Science can play a two fold-role in the lives of the faithful. Firstly, we can see it as an “independent third-party” that can help to give us a more holistic perspective about God’s creation. Secondly, when further developed, that perspective can help us develop a far richer worship experience.
Let’s explore these two points a bit further, and begin by looking at “science so-called” (as some like to refer to it).
If one does a Google search on “what is science”, one of the first links returned describes science as “the intellectual and practical activity encompassing the systematic study of the structure and behaviour of the physical and natural world through observation and experiment.”
I’d like to discuss this definition in two parts: the first part being that science is a “systematic study of the structure and behaviour of the physical and natural world.”
The focus of science is the natural world – God’s creation. Science won’t tell us WHY God created the way he did, but it does tells HOW God created, because we can see the structure and behaviour of the various aspects of creation. So science won’t tell us WHY God chose to take millions of years to create life as it is today, but we can see from the structure and behaviour of various chemical and physical properties – that he did. That’s nothing to be perturbed by, it simply is what it is.
The second part of that definition is that the study is done “through observation and experiment”. Here’s why this is important. We know that God’s creation is wonderfully complex. I use the term “wonderfully complex” because of the intricacies and interdependencies that we see. Archaeology, palaeontology, palaeoanthropology, biology, microbiology, molecular biology, chemistry, geophysics, physics, nuclear physics…. All complex fields, but related in various ways. The nature of “observation and experiment” requires learning and understanding of the various fields. The very act of doing science is applying that knowledge to explore those fields further to discover and more.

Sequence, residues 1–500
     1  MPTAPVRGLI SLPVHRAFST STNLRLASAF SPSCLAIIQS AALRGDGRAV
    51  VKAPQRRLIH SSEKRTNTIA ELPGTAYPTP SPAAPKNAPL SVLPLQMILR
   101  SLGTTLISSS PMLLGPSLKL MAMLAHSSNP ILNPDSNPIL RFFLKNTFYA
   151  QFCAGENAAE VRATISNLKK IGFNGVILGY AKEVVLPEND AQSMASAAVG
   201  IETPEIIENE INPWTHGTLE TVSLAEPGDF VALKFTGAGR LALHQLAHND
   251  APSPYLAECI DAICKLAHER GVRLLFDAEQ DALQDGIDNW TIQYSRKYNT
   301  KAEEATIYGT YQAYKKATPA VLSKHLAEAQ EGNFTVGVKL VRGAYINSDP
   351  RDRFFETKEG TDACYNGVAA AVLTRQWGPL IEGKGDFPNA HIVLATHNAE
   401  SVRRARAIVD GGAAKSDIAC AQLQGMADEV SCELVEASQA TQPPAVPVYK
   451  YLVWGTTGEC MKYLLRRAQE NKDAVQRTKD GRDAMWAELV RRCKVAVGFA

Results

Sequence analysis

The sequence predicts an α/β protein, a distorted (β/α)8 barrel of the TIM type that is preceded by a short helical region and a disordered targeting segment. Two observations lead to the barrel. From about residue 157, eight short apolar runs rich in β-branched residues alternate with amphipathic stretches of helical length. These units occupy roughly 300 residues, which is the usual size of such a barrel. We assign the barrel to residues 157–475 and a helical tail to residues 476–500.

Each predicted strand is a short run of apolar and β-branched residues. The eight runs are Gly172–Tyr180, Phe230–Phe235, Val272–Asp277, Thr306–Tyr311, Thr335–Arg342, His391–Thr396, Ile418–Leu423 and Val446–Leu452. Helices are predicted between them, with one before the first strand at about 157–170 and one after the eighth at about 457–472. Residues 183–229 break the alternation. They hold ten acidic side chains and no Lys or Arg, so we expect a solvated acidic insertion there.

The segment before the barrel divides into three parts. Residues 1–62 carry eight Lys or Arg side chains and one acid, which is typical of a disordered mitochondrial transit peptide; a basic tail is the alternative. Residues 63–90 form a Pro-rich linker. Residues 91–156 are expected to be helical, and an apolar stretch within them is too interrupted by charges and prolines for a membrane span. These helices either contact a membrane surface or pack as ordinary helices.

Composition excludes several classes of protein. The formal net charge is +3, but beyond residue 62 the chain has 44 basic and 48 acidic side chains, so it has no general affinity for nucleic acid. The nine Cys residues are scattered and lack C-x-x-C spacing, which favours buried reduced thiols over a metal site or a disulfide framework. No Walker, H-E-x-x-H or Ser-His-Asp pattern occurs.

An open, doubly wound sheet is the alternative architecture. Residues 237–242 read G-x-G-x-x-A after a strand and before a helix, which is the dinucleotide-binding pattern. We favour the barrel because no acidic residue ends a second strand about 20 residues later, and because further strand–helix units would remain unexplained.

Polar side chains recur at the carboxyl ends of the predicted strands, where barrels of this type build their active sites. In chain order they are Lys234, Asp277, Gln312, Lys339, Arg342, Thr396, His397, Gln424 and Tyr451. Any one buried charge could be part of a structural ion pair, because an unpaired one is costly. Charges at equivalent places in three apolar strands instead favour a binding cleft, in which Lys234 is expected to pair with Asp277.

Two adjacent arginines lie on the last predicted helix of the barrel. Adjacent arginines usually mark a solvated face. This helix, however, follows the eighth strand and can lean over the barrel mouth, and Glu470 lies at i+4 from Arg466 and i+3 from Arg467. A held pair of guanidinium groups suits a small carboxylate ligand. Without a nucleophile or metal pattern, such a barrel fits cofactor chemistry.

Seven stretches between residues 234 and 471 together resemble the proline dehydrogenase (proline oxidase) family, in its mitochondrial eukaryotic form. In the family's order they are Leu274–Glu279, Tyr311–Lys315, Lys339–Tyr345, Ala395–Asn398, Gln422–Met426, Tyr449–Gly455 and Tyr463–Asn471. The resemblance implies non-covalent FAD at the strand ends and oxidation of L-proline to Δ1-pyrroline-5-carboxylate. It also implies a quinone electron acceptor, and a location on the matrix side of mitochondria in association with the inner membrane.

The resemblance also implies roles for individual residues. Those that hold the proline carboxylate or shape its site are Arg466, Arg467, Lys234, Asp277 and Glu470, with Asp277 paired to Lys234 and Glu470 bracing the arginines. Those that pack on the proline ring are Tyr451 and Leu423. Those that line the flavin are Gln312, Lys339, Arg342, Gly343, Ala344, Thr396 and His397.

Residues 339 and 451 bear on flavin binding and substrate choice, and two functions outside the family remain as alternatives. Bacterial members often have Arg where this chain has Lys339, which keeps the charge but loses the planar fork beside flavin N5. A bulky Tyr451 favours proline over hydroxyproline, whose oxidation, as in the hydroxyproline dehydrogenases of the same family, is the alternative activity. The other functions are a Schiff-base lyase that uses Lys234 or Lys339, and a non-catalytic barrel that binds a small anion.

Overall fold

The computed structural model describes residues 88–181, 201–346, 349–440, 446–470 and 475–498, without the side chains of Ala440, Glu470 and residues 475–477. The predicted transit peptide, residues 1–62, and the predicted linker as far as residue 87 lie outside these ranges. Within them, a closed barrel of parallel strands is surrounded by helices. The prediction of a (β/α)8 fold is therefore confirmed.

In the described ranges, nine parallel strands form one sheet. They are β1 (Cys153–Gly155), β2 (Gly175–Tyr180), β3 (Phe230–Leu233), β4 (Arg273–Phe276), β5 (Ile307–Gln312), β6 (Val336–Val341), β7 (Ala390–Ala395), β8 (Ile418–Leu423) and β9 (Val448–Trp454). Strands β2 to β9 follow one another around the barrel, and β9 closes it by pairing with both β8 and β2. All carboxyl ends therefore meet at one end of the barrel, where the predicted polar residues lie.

So where am I going with this? Well, the scriptures have sobering warning for us. In 1 Tim 6:20, Paul warns Timothy to “avoid profane and vain babblings, and oppositions of science falsely so called” (to use the KJV translation – all modern versions use the term ‘knowledge’).
Many in our community have gone on record in public forums commenting on scientific matters, not because they are qualified to do so, but because they feel that what science has taught us about God’s creation challenges their theological views. They feel they are defending their faith. The hallmark of science, is that any hypothesis should be able to stand up to scrutiny, and any good scientist, if refuting a hypothesis will be able to demonstrate the alternative answers. Those in our community who challenge science have never been very good at providing alternative hypotheses that can be subject to further observation and experiment.
Because they are not qualified to speak on these subjects, the results have been (to use Paul’s term) “profane and vain” because they have misrepresented the structure and behaviour of God’s creation by their “science so-called”. (For example, see here and here).
This brings us to the part about worship. God wants us to worship him in “spirit and truth”. On this basis, we have nothing to fear from what science offers to us. It’s that independent third-party that gives a completely unbiased reference point. When we do take the time to understand the behaviour and structure of God’s creation, we see what a truly magnificent effort it is, and it teaches us much about the patience and character of our creator. (I’ve discussed this earlier, here).
Too often we allow ourselves to get caught up in the either/or debate about science vs faith, when it really needn’t be anything like that. It’s not a dichotomy. God is not going to be threatened by anything we learn, and anything we learn (that stands the test of truth) helps us paint a clearer picture of the God we worship.